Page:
After the surgical procedure for benign bone lesions, use of synthetic bone substitutes is currently a standard treatment for bone defects. Hydroxyapatite (HA) or β-tricalcium phosphate (β-TCP) has been widely used to maintain the structural and functional stability of the bone and adjacent joint. However, these synthetic bone substitutes have mostly osteoconductive characteristics but no osteoinductive capacity. Although HA is useful for supporting the surrounding bone due to its initial mechanical strength, it has the disadvantage of interference with remodeling to the normal bone1,2. On the other hand, β-TCP is characterized by its ability to be incorporated into the surrounding bone1,2. However, although its high porosity can contribute to bone regeneration, concerns have been raised that β-TCP is weak in strength and will eventually break down1,2,3.

Affinos (Kuraray, Japan) was developed as a β-TCP material with low porosity and relatively high compressive resistance. The porosity of Affinos is 57 ± 5%, and it has a unique structure in which many interconnected pores (pore size: 25–300 μm) are arranged in a single direction, facilitating the ingrowth of blood vessels and bone tissue.

In directions parallel and perpendicular to the pores, the initial compressive strength is 8 MPa and 1.5 MPa, respectively. In vivo, it has shown a high osteoconductive ability to induce bone regeneration due to its unidirectionally oriented pores4. β-TCP with a spherical interconnected porous structure is commonly used as a suitable bone-filling material. Murayama et al. reported that angiogenesis was increased within Affinos compared to β-TCP with a spherical interconnected porous structure in a vascularized pedicle rat model5. However, there has been a lack of clinical information on the regeneration process of bone defects filled with Affinos6.

Bone regeneration in bone defects filled with bone substitutes is primarily assessed by radiological examination, but it may be helpful to combine other modalities, possibly including quantitative measurements. Identifying bone metabolic markers to monitor the effects of treatment would facilitate patient management. However, few studies have investigated this issue in synthetic bone substitutes7,8.

The primary objective of this study was to evaluate radiographically the healing process of bone defects filled with Affinos in patients treated with resection of benign bone lesions. Second, we sought to determine the variables affecting the healing status of the bone defect 12 months after surgery in these patients. In addition, we analyzed changes in bone metabolic markers as related to the healing status 12 months after surgery in patients treated at Nagoya University Hospital.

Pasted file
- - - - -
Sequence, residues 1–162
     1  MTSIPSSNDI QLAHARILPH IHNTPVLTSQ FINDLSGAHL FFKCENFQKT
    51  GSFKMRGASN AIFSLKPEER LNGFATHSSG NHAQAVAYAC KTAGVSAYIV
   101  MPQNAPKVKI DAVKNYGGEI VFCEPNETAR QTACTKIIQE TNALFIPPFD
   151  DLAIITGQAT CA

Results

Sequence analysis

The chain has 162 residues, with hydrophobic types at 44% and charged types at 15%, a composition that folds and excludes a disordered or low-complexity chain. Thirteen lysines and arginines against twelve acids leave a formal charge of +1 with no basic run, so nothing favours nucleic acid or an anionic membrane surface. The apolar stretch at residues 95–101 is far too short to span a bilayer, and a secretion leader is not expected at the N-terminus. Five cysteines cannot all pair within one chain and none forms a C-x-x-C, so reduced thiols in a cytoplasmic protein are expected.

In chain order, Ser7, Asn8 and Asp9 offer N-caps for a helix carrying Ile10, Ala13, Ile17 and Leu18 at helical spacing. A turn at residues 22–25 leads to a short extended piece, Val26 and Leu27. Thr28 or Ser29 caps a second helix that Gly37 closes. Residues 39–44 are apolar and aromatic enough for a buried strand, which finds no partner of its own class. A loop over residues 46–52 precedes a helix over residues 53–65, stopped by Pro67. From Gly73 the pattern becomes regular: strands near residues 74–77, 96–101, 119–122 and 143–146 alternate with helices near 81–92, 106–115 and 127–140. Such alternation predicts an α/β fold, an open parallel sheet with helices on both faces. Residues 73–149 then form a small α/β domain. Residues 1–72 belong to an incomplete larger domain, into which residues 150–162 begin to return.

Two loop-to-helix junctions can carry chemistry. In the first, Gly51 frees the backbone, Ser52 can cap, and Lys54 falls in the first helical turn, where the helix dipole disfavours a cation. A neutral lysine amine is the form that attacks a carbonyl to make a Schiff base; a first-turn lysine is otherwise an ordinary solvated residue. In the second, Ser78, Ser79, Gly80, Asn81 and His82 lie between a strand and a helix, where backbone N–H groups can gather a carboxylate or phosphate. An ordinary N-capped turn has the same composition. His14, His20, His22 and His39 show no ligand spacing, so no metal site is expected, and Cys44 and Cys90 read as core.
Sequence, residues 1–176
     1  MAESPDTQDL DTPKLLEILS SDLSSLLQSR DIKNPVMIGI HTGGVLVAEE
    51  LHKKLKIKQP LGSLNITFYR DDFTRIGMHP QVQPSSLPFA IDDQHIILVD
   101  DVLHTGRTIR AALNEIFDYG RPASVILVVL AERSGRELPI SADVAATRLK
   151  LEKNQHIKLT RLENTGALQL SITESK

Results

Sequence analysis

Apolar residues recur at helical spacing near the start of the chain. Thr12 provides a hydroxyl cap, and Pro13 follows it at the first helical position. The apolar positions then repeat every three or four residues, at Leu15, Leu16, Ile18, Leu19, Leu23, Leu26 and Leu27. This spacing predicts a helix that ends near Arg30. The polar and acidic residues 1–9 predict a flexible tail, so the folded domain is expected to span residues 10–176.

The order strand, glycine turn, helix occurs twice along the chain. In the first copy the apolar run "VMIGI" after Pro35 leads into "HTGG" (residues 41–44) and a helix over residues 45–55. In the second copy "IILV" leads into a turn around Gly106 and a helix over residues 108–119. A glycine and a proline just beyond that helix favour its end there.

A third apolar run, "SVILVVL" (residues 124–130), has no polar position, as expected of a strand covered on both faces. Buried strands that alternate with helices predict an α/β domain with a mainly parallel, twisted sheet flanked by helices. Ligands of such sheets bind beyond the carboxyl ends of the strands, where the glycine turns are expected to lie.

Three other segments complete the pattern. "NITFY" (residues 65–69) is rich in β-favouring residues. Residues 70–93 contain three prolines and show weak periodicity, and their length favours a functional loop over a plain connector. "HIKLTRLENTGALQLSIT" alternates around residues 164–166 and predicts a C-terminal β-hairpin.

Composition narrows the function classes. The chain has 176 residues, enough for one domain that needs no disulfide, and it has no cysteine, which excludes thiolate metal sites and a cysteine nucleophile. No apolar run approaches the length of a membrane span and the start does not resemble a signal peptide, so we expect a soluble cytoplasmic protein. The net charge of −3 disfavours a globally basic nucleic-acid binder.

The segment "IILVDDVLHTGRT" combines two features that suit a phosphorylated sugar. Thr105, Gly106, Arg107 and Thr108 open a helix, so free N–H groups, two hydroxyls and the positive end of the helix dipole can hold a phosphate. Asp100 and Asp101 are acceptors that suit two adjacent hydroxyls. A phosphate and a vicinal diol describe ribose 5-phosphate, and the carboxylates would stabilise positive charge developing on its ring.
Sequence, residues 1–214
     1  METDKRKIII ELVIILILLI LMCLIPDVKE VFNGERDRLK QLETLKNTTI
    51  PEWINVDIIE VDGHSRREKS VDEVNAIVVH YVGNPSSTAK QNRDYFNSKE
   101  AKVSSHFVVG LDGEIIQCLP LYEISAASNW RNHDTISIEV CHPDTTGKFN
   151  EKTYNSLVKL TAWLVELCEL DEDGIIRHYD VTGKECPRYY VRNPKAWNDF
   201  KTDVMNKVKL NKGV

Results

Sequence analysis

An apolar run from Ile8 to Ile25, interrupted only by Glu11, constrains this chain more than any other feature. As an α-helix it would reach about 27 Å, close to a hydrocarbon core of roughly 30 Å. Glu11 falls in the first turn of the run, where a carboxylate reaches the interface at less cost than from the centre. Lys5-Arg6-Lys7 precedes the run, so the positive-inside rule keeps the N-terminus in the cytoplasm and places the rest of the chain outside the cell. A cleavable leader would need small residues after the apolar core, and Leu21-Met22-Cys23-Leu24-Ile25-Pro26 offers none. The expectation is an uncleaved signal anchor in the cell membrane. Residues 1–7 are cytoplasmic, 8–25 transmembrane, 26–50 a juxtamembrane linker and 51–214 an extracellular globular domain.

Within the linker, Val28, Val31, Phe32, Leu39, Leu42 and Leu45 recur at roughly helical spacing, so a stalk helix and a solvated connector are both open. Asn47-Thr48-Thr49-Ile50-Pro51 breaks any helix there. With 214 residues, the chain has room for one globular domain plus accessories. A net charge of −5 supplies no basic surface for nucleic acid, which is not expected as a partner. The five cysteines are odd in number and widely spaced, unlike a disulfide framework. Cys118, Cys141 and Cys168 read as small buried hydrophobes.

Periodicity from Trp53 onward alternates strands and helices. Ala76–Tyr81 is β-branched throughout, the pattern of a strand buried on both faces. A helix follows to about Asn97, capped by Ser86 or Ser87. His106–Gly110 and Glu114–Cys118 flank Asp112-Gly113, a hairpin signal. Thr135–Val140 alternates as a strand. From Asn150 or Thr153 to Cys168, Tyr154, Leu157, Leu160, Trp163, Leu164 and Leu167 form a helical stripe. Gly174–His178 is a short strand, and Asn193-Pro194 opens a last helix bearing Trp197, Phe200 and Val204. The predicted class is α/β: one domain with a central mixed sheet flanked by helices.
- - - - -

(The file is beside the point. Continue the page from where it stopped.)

Patients and methods


This study’s protocol was approved by the ethics committee of Nagoya University Graduate School and School of Medicine (No. 2016-0122) and the institutional review board of each institution. Written informed consent was obtained from all patients. All research was performed in accordance with relevant guidelines/regulations, and the Declaration of Helsinki. We prospectively enrolled 74 patients with benign bone tumors or tumor-like lesions for whom a surgical procedure was planned between July 2017 and March 2020. The inclusion criteria were as follows: (1) benign bone tumor or bone tumor-like lesion indicated for surgical treatment, (2) intralesional curettage or en bloc resection followed by filling with Affinos as a bone substitute, (3) availability for radiographs at scheduled time points (preoperative, immediately postoperative, and 1, 2, 3, 6, 9, and 12 months postoperative) and (4) consent for our study. The exclusion criteria were as follows: (1) history of previous treatment with drugs including bisphosphonates, denosumab, and steroids, (2) use of other materials in addition to Affinos during the procedure.

On account of not achieving a follow-up of 12 months after surgery, 16 patients were excluded. Two giant cell tumors of bone recurred during the follow-up period of 12 months: one was in the forearm 8 months after surgery and the other in the proximal fibula 9 months after surgery (Fig. 1). These were not included due to insufficient data and pathological findings. Eventually, 56 patients were eligible and analyzed in this study. Considering the significant small lesions in the fingers and toes compared with those in other bones, the process of bone regeneration in defects filled with Affinos was expected to differ between these bones. Thus, we divided patients into cohort 1 (any bones other than other than phalanges and metacarpal/tarsal bones) and cohort 2 (phalanges and metacarpal/tarsal bones) according to the affected bones, and analyzed the outcomes separately. All procedures described in this study were performed in compliance with the ethical standards set by the Helsinki Declaration of 1975 (revised in 2000) and the regulation of national laws.

Figure 1
figure 1

Flowchart of the study patients. CT computed tomography.

Treatment and assessment

Musculoskeletal oncologists performed surgical procedures at each institution. After curettage of the lesion, the defect was loosely filled with Affinos so as not to break its porotic structure. The surgeons individually decided whether to use granular and/or block types for bone defects. They aligned the pore structure of the blocks with the principal strain axis that was experienced in the defect. Prophylactic fixation with locking plates was used in 2 patients with a tibial lesion. En bloc excision was performed in patients with osteoid osteoma. Pathological diagnosis was confirmed by each institutional pathologist. A gradual increase in weight-bearing was allowed during the follow-up period depending on the patient’s symptoms and the radiographic findings. Range of motion exercises was started immediately after surgery.